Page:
This was a well-organised conference with delegates from around the world, including the UK, North America, Europe, the Middle East and Australia. There was a palpable energy in the room throughout the day.
Gary Barnett, Executive Director and General Counsel, International Legal Finance Association (ILFA), gave the keynote address and mentioned the rule of law as one of the UK’s greatest exports. He referred to litigation finance as being “business-friendly” with the ability to unlock access to justice. Gary discussed the recent trends to admit litigation finance in certain jurisdictions such as Hong Kong, Singapore and India. He also said he thought linking capital with litigation finance was of key importance.
Opportunities and innovation
In a panel titled ‘Opportunities and Innovation in Deal Structuring’, Adrian Chopin of Bench Walk Advisors talked about the enormous growth in the litigation finance industry and having 10-15 competitors now compared to times gone by. He referred to the variety of products now on offer and the smart, entrepreneurial people working in the industry. He thought that opt-out claims in the UK Competition Appeal Tribunal (CAT) could not exist without litigation funding and After the Event (ATE) insurance.
Adrian believes there is increasing scope for litigation finance here in the UK. The UK and Australia have been quicker off the mark than the USA because of the conditional fee agreement (CFA) regime. London is the lab for these things. ATE insurance is now more sophisticated, and there is more entrepreneurialism in the ATE insurance market.
In ‘The Rise of Class Actions’ panel, Neil Purslow of Therium Capital Management spoke about the Volkswagen, Mercedes and Visa/Mastercard interchange litigation and the Ingenious case settlement. The exciting potential for representative actions was touched upon too, with the possibility of a bifurcated process and potential streamlining of the bookbuild. He also discussed the implications of the FX case, which is the first “carriage dispute” in the CAT between two collective proceedings order (CPO) applications.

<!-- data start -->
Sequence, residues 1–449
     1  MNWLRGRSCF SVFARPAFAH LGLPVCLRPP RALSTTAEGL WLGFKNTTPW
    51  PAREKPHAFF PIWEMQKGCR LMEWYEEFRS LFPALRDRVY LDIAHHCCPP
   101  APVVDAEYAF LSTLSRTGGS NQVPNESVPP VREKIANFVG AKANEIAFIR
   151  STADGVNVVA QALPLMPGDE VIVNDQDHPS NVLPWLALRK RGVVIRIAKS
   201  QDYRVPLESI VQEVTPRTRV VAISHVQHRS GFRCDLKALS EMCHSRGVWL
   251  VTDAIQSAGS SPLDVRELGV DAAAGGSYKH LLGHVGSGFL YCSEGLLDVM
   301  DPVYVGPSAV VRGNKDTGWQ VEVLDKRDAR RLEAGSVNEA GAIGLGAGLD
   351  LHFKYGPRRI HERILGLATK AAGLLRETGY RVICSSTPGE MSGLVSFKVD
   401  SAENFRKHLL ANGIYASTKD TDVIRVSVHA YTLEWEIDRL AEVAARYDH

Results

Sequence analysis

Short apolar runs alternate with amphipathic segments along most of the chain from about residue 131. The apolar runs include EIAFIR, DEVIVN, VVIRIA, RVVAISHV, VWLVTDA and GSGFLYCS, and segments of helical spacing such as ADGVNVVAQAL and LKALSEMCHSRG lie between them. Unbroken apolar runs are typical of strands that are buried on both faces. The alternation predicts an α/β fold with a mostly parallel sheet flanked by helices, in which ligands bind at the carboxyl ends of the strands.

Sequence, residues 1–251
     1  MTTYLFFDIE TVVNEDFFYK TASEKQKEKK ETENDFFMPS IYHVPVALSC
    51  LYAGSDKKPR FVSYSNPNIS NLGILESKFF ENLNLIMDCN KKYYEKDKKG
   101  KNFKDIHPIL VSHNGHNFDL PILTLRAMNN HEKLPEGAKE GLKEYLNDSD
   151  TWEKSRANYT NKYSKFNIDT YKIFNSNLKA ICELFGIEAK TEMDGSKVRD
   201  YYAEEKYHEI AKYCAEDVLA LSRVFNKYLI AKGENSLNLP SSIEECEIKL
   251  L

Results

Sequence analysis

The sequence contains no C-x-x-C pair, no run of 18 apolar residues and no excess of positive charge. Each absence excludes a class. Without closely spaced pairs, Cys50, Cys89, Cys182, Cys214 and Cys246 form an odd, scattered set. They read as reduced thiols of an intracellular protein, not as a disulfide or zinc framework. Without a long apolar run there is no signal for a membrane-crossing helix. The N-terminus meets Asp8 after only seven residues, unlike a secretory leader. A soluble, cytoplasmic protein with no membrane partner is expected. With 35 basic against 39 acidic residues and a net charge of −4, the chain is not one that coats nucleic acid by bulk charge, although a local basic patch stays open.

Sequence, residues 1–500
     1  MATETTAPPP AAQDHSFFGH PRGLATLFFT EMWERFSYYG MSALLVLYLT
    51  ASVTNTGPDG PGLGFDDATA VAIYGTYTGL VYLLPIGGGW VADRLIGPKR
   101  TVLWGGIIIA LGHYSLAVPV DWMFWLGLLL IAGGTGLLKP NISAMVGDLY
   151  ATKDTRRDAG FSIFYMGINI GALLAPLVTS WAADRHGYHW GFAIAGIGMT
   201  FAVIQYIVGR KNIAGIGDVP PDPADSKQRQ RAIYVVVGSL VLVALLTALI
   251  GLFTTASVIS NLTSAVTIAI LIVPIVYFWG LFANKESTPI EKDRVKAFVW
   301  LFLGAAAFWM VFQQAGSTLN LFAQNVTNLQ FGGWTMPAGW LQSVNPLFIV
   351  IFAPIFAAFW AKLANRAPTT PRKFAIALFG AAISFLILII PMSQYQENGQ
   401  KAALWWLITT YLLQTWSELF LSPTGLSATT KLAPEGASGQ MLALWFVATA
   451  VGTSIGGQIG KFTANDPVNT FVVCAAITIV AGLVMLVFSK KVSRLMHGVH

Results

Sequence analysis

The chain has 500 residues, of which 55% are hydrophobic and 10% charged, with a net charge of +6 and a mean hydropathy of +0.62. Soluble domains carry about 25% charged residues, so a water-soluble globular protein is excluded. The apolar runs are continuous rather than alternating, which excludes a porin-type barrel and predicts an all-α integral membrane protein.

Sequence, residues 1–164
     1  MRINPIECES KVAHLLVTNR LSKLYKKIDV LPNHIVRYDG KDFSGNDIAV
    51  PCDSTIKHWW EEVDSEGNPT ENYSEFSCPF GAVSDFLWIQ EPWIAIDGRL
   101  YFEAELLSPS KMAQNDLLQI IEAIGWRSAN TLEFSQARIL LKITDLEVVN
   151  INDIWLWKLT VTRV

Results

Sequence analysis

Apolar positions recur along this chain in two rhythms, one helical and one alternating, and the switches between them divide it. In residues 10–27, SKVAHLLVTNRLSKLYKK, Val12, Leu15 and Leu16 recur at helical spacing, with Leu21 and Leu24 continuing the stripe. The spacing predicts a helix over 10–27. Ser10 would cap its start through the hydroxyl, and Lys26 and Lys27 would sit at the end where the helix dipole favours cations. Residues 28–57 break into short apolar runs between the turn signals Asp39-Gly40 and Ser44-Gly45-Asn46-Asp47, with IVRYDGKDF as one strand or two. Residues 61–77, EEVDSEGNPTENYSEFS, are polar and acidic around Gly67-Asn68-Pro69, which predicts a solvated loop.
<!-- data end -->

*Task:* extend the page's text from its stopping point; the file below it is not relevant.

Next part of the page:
Rocco spoke on the panel titled ‘The In-house Perspective’ where the concern of clients relating to ‘loss of control’ of the case by involving external stakeholders was discussed. Rocco explained that having worked in both the litigation funding market and as an ATE underwriter, the perceived ‘loss of control’ in cases is generally raised by clients in a funding context rather than in relation to ATE insurance. Insurance is viewed as non-intrusive. However, he explained why the claimant is the “driver of the car” and the ATE underwriter and funder are the “passengers”. He added that there remains an ongoing education piece for funders to undertake in order to allay the concerns of clients in respect of the issue of loss of control.
Fellow panellist Suber Akhtar, head of legal at Siemens Energy Limited, added that for tactical reasons, litigation funding and ATE insurance are useful, referring to them as powerful tools, which mean there is less motivation to settle prematurely. John Lazar of Burford Capital said corporates could free up internal capital and resources by obtaining litigation funding and ATE insurance.
This was a highly enjoyable conference, and it was great to learn so much about what is happening in the market, make new connections and catch up with old friends and colleagues.
A video recording of the panel discussion ‘In house Perspective’ can be found here.